The Chicago Marathon was more memorable than anything we could have dreamed! Our whole team really appreciated all the support, notes, and video cheers along the way. I was touched by how many of our friends and family followed us online during the day.
As I barely rolled into class on time Monday, a colleague who didn’t know our story asked me, “Did you win?” I said, “Hell yeah, we won!” [As I explained, with a little too much emotion, I’m sure he was sorry he asked.] Here are some of our team’s winning metrics:
Friday night, Ann was honored with the Heart of a Champion award from the American Cancer Society. Just wow. Such a surprise, and so well deserved.
Saturday we learned that a few final donations put Down. Not Out! over $15,000 in fundraising for the American Cancer Society. Geri also raised $3500 for the Ronald McDonald House! Go team!
Sunday morning brought perfect weather and excitement to get started. We waited nearly 20 minutes to cross the starting line. 6 hours and 27 minutes later, the five of us crossed the finish line together.
Maybe most importantly, for others diagnosed with metastatic cancer, Ann showed that you don’t have to put your goals and dreams aside. Finishing the Chicago Marathon promised hope and inspiration to others.
We had an amazing run and walk through the streets of Chicago, told incompletely here with a few stories and photos.
- The Sears Tower (now renamed, don’t ask me what, something with a W) was always in sight, seemingly always in a different direction.
- Highlights of a big-city marathon like Chicago included the colorful neighborhoods, funny signs, and wacky people along the course.
- I found my running shoes after a momentary panic attack where I couldn’t find them, then calmed down and started considering just how bad it was going to be to run 26.2 miles in Doc Martens.
- Geri discovered the magic of Fritos and candy during long-distance running. She, Rebecca, and I did a lot of silly dancing with the music along the course.
- Our cheering section was unmatched! We saw Jeff, Grace, Rose, Frank, Marie, Bernadene, Emalee, and Megan all over the course with their awesome signs.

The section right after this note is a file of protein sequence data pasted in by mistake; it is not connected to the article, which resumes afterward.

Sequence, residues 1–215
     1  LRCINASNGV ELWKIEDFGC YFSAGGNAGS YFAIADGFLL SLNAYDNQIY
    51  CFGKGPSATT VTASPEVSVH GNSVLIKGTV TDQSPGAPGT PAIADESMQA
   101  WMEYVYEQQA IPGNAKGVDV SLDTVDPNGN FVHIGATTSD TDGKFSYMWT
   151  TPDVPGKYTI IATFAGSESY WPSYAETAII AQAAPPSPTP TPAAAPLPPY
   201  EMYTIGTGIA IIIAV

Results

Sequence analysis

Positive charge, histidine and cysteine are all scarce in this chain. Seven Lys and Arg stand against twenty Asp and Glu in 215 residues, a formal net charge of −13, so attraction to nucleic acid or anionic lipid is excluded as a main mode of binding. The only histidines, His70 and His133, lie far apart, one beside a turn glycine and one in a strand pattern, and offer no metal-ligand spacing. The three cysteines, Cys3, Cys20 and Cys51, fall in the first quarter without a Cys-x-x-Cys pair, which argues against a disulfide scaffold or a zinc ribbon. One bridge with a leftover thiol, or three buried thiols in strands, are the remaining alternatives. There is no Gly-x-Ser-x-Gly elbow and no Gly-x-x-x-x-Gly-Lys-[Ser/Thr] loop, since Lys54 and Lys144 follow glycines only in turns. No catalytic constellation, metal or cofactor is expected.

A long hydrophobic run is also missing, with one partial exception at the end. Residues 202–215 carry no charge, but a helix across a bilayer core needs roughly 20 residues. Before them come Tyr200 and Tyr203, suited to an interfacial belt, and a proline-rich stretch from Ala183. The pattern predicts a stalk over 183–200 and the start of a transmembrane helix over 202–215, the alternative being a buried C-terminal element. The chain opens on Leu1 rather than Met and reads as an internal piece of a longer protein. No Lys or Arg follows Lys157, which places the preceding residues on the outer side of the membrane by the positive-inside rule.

- Reading messages of support sent before and throughout the race carried us along.
- Ann kept pushing forward, doing run/walk intervals for over half the race, and never complaining even as the sun got hot. She looked for and celebrated moments of joy even during a very tough run.
- We kept a similar pace as a woman whose husband was wearing a loud, watermelon-print shirt. We started calling him Watermelon Guy and he cheered us on too. He was a hoot!
- At a few points during the race, my emotions got the better of me, and I pulled my hat down and dropped behind to shed a few bittersweet tears.
- Even when we were mostly walking, Rebecca encouraged us to run short intervals, which kept us on track for an official finish.
We carried so many family and friends in our hearts for 26.2 miles. ❤There are far too many names on this list! I hope that research done by the American Cancer Society will one day lead to a world without cancer.
I felt really confident about Ann’s pace, and it was probably more nerve-wracking for those tracking us from afar as we slowed during the race and our projected finish time crept closer to the “official” time cut-off, 6.5 hours. For better or worse, I thought we were fine until I looked at my watch and realized that we’d be a lot closer to the cut-off than I’d originally realized. Fortunately, it was close enough to the finish that I knew we’d make it. We crossed the line together with joy and relief.
As I told Andrew afterward, each of us is struck with a few instances of clarity in our lives, times when you know that you are exactly where you need to be, with exactly the right people, for exactly the right reasons. Yet I’d trade our entire memorable weekend in Chicago, gladly and without hesitation, for Ann not to have cancer. Since that isn’t possible, I felt lucky indeed to be in the best place I could be. On October 8th, 2017, I saw Ann win Chicago, achieve her goal, and bring hope to others with her indomitable spirit. I will remember it always!